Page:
As I was interviewing Al and Gloria Ash this week about the county Department on Aging’s transportation program, which they are volunteers for, Al told me that he gets much more back from volunteering than the effort he puts in. He’s completely right.
Getting to know people, getting to know your community, and the satisfaction of knowing you’ve done something good for the community are all benefits of volunteerism. Volunteerism is especially important in small communities, which can’t spend an issue away. Everything of value to the community takes a group effort.
Many hands make for light loads. Never has that been more apparent than Tuesday when Kiwanians and the newspaper staff worked together to stuff candy in Easter eggs for Saturday. With plentiful help, it took about 30 minutes to stuff 700 or more eggs, which would have taken hours with a smaller group.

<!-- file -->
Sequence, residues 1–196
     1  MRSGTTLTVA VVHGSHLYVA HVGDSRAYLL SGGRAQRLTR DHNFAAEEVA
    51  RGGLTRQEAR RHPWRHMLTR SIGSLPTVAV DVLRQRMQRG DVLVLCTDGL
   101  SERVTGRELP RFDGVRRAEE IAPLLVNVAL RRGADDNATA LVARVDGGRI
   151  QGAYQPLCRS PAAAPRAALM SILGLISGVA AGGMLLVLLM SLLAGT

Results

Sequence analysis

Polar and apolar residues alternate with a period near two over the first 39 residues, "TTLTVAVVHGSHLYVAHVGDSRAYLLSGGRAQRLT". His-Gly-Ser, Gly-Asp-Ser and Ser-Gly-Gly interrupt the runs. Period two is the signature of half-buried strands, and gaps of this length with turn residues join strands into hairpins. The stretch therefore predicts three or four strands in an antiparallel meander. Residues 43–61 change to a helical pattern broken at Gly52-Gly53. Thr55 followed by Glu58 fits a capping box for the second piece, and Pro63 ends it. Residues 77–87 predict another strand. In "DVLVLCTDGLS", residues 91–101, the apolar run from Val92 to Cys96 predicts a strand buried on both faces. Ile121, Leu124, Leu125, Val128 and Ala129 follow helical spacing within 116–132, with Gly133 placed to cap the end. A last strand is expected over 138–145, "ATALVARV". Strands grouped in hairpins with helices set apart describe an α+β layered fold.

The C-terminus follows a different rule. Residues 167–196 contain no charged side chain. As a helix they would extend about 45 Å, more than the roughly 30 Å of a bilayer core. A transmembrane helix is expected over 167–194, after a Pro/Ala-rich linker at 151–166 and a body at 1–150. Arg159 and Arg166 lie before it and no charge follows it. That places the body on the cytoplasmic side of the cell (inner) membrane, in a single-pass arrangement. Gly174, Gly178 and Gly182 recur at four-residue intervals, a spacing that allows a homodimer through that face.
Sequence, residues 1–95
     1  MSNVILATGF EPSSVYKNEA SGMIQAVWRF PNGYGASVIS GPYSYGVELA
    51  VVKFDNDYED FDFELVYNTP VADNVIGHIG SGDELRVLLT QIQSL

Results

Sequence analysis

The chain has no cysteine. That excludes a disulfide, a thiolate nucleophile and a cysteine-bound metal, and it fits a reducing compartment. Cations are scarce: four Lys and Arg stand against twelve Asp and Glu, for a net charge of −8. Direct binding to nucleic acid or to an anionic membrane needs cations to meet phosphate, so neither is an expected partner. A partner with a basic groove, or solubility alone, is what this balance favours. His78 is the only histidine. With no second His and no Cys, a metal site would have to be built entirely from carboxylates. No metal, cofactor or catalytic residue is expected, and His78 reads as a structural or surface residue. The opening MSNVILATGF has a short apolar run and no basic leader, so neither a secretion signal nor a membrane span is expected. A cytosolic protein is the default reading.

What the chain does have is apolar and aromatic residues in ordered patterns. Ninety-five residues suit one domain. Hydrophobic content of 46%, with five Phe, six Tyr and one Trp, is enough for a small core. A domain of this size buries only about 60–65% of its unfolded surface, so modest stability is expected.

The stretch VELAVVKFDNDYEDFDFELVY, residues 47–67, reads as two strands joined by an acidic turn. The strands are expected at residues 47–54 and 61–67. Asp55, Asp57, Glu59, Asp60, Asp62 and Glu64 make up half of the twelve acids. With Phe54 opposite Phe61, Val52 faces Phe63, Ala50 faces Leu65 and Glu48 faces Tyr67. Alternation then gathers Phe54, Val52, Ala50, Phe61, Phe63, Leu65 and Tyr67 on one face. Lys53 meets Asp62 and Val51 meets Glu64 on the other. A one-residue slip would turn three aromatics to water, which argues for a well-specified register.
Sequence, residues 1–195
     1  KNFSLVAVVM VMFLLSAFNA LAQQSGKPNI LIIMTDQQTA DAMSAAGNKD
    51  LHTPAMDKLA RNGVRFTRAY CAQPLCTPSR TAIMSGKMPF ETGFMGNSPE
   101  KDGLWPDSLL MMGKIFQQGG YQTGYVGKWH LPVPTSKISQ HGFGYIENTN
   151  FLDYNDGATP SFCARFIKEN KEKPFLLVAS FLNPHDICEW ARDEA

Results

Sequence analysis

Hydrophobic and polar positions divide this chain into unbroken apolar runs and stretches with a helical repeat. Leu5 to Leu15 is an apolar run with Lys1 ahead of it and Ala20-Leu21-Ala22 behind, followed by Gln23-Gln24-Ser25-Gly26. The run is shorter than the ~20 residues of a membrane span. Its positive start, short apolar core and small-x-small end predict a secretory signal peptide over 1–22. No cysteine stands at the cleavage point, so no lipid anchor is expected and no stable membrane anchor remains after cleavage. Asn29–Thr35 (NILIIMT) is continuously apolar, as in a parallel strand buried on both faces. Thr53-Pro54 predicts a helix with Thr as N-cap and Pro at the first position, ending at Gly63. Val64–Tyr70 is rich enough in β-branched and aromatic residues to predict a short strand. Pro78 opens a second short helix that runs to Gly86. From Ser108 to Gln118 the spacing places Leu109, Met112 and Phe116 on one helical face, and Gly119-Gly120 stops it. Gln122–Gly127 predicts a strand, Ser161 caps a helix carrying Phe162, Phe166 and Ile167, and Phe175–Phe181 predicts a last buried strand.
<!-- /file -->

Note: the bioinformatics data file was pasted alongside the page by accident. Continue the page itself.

Marion is fortunate, as it has a strong culture of volunteerism for a great variety of activities and groups, whether volunteers’ efforts benefit students, senior citizens, families in poverty, veterans, young children, churches, or public institutions like the library. There are always people willing to help.
There is always room for improvement, though. When one covers volunteer efforts over a length of time, one sees the same names and faces time after time. It’s great that those people want to do so much, but there are a limited number of hours in a day, and everybody needs sleep.
So don’t continue to sit on the sidelines and watch others put in the effort. Get involved with whatever activities interest you. You won’t regret it.
— ADAM STEWART